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Page 9 of 28, showing 10 records out of 278 total, starting on record 81, ending on 90

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Title | Creator | Date Made Visible | None

Earl Thomas Reynolds to Governor Fred Hall

Reynolds, Earl Thomas

This letter was written by Earl Thomas Reynolds, a lawyer in Coffeyville, Kansas, to Governor Fred Hall. Reynolds was concerned that black people in Kansas were not receiving adequate patronage and political party representation in or by the Republican Party, particularly in the third district. Mr Reynolds inquired why should blacks continue to support the Republican Party, at all levels of government, if their support is not rewarded by the party.

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Thomas Ewing, Jr., to Thomas Ewing, Sr.

Ewing, Thomas, 1829-1896

Thomas Ewing, Jr., wrote from Leavenworth to his father in Ohio seeking his assistance with a legal matter involving claims to the land "reserved to certain half breeds of the Kansas tribe." Most of this land was occupied by squatters and questions of legal title and transfer were being litigated in the territorial and federal courts.

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Thomas Francis Doran and Clarence Seward Darrow

This black and white photograph shows attorneys Thomas Francis Doran, (1862-?) and Clarence Seward Darrow, (1857-1938). Doran a native of Council Grove, Kansas practiced law in Topeka, Kansas and was considered one of the leading corporate lawyers in Kansas. Some of the companies he represented included: The Seymore Packing Company and The Smith Automobile Company. Darrow a native of Ohio began his career as a corporate lawyer in Chicago, Illinois, before becoming a well know labor and criminal attorney. He is best remembered for the 1925 court case of the State of Tennessee v. John Scopes better know as the Scopes Monkey Trial.

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Governor Robert Frederick Bennett

This black and white photograph shows Robert Frederick Bennett, (1927-2000). He was first elected to public office, in 1955, as a council member for the City of Prairie Village and later the mayor of the city from 1957 to 1965. Bennett successfully ran on the Republican ticket for a seat in the Kansas Senate, (1965 to 1974). He later served as president of the senate from, (1973 to 1974). In 1974, he was elected the thirty-ninth Governor of Kansas, (1975-1979). Bennett is remembered for being an eloquent speaker. He passed away on October 9, 2000 at the age of seventy-three.

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Robert A. Anderson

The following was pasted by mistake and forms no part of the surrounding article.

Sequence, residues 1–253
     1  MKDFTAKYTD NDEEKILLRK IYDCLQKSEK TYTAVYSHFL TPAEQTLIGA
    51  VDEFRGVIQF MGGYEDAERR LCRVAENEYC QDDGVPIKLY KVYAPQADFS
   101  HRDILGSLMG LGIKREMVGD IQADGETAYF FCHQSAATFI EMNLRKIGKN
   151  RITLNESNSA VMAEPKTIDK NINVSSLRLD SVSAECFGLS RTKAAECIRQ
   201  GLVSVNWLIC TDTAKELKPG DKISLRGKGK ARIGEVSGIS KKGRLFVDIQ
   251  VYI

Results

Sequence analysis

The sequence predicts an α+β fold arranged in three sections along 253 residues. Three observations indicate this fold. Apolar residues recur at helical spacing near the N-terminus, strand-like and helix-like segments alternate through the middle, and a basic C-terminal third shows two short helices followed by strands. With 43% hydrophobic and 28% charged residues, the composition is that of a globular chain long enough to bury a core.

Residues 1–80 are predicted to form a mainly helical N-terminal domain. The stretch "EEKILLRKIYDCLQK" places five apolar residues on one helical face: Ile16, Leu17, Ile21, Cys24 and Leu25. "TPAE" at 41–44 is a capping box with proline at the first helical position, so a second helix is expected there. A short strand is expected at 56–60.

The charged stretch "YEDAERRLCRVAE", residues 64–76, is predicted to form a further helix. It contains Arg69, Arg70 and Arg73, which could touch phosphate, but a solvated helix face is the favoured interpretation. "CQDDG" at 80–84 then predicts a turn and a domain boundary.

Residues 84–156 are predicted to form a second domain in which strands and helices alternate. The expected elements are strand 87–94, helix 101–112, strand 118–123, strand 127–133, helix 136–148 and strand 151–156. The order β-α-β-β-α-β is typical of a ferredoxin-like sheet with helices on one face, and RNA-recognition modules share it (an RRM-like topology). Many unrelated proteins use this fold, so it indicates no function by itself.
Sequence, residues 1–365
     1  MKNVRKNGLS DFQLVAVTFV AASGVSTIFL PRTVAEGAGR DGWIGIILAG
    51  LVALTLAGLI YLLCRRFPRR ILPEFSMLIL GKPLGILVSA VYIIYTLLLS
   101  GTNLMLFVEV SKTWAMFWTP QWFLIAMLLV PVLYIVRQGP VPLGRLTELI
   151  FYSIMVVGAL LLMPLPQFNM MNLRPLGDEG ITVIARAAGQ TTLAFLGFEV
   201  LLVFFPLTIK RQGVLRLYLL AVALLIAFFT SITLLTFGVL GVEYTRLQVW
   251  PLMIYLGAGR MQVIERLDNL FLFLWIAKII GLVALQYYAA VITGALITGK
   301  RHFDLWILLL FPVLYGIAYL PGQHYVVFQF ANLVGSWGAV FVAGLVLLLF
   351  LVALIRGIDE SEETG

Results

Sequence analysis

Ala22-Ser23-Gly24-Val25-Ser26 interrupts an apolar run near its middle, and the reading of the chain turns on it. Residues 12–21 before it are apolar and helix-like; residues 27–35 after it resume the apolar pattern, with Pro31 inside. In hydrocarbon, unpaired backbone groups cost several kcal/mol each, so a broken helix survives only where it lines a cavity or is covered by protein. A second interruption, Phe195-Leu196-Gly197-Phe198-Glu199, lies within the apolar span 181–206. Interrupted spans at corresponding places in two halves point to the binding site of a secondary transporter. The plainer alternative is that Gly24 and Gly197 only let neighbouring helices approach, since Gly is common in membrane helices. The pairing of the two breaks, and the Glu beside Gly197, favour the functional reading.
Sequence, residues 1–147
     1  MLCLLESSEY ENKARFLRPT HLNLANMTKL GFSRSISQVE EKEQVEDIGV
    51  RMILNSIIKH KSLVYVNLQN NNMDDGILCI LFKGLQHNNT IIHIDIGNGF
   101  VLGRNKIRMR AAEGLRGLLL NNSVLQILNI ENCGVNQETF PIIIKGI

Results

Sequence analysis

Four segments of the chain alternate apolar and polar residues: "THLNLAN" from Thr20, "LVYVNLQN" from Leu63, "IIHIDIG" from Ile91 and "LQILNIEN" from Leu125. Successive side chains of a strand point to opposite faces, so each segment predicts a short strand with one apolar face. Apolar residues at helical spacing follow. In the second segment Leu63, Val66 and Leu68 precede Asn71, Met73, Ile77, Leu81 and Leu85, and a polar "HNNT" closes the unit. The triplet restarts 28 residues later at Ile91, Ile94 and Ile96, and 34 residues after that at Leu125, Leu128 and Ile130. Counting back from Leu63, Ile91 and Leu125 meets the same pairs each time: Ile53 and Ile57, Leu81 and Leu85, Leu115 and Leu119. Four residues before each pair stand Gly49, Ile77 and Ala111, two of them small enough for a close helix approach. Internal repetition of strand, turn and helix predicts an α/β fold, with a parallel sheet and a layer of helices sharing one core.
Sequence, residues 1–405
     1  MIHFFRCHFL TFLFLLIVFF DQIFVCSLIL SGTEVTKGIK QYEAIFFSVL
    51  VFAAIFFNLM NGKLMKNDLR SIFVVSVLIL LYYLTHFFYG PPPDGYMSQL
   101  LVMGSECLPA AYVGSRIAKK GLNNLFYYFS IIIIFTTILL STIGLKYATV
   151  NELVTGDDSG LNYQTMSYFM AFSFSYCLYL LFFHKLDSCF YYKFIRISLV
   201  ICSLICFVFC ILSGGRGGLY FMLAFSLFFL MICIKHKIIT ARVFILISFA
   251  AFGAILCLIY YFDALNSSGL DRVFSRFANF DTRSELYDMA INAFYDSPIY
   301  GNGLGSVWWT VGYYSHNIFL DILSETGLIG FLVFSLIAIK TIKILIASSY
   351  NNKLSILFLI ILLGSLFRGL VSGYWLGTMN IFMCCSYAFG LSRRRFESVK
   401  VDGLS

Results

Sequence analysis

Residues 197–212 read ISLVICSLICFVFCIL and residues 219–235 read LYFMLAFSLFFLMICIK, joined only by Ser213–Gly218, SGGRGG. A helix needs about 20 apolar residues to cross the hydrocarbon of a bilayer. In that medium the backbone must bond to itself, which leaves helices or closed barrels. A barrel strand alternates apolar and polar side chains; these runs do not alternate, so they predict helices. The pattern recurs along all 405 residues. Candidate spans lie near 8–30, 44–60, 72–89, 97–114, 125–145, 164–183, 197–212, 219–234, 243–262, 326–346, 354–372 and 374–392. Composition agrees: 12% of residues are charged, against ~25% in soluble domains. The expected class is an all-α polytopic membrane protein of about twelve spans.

A portrait of Robert A. Anderson, a lawyer from Franklin County. Anderson was elected from the thirteenth district to serve in the Kansas House of Representatives 1953 to1960.

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U.S. Land Office, Garden City, Kansas

This photograph shows the U.S. Land Office in Garden City, Kansas, during a blockade of the halls and stairway in the Summer and Fall of 1885. 50,000 acres of land were taken daily.

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A.A. Graham to Governor Henry J. Allen

Graham, A. A. (Albert Adams), 1848-

Attorney A.A. Graham writes Governor Henry Allen with a model for the proposed industrial court that expands the authority of the Public Utilities Commission. The governor has called a special session of the Kansas Legislature to end labor strikes and resolve industrial disputes.

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Vern Miller

A photograph showing Vern Miller, Kansas Attorney General. A native of Wichita, Kansas, he was hired as a Sedgwick County Deputy Sheriff and served from 1949-1954. In 1958, Miller was elected Sedgwick County Marshal and served two terms. He was elected Sedgwick County Sheriff in 1964 and re-elected twice. At the beginning of his second term, he graduated from Oklahoma City University Law School. In 1970, Miller was elected Kansas State Attorney General and served two terms. After an unsuccessful bid for governor, he started a private practice in Wichita, Kansas. From 1976-1980, he served as Sedgwick County Prosecuting Attorney.

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John Brown to Thomas Russell

Brown, John, 1800-1859

From his jail cell in Charles Town, Virginia, just days before he was to go on trial for treason, John Brown wrote seeking legal counsel for himself and fellow prisoners. Brown mentioned his wounds, but said they were "doing well," expresses special concern for "the young men prisoners," and closed "Do not send an ultra Abolitionist."

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Williamson Franklin Boyakin

Forter, Emma Elizabeth Calderhead, 1857-

This is a portrait of Dr. Williamson Franklin Boyakin, who settled in Marysville, Marshall County in 1868 and opened a medical practice. In 1874, he was elected coroner of Marshall County, and a few years later he was elected County Superintendent of Schools. The portrait was copied from History of Marshall County Kansas, Its People, Industries and Institutions by Emma Elizabeth Calderhead Forter.

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